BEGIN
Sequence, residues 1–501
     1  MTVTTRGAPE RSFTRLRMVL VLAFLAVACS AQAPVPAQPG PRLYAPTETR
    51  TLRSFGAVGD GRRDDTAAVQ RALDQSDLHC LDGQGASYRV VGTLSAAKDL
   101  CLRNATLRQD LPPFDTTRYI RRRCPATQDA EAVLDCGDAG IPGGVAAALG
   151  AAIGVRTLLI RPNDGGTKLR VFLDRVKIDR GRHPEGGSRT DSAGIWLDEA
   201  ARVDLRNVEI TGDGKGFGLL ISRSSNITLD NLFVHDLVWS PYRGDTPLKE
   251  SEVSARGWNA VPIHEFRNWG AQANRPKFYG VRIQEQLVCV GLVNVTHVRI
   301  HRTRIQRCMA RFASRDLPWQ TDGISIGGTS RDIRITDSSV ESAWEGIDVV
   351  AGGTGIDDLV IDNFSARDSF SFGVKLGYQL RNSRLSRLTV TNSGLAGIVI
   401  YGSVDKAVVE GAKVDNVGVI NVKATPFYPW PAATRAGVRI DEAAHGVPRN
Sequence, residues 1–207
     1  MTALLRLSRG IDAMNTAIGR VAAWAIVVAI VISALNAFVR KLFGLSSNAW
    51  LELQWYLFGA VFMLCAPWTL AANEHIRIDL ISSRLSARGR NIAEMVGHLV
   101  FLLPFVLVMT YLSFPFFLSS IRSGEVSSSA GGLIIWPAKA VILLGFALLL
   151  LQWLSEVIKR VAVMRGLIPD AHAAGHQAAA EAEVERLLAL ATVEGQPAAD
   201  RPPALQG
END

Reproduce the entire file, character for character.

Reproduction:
Sequence, residues 1–501
     1  MTVTTRGAPE RSFTRLRMVL VLAFLAVACS AQAPVPAQPG PRLYAPTETR
    51  TLRSFGAVGD GRRDDTAAVQ RALDQSDLHC LDGQGASYRV VGTLSAAKDL
   101  CLRNATLRQD LPPFDTTRYI RRRCPATQDA EAVLDCGDAG IPGGVAAALG
   151  AAIGVRTLLI RPNDGGTKLR VFLDRVKIDR GRHPEGGSRT DSAGIWLDEA
   201  ARVDLRNVEI TGDGKGFGLL ISRSSNITLD NLFVHDLVWS PYRGDTPLKE
   251  SEVSARGWNA VPIHEFRNWG AQANRPKFYG VRIQEQLVCV GLVNVTHVRI
   301  HRTRIQRCMA RFASRDLPWQ TDGISIGGTS RDIRITDSSV ESAWEGIDVV
   351  AGGTGIDDLV IDNFSARDSF SFGVKLGYQL RNSRLSRLTV TNSGLAGIVI
   401  YGSVDKAVVE GAKVDNVGVI NVKATPFYPW PAATRAGVRI DEAAHGVPRN
Sequence, residues 1–207
     1  MTALLRLSRG IDAMNTAIGR VAAWAIVVAI VISALNAFVR KLFGLSSNAW
    51  LELQWYLFGA VFMLCAPWTL AANEHIRIDL ISSRLSARGR NIAEMVGHLV
   101  FLLPFVLVMT YLSFPFFLSS IRSGEVSSSA GGLIIWPAKA VILLGFALLL
   151  LQWLSEVIKR VAVMRGLIPD AHAAGHQAAA EAEVERLLAL ATVEGQPAAD
   201  RPPALQG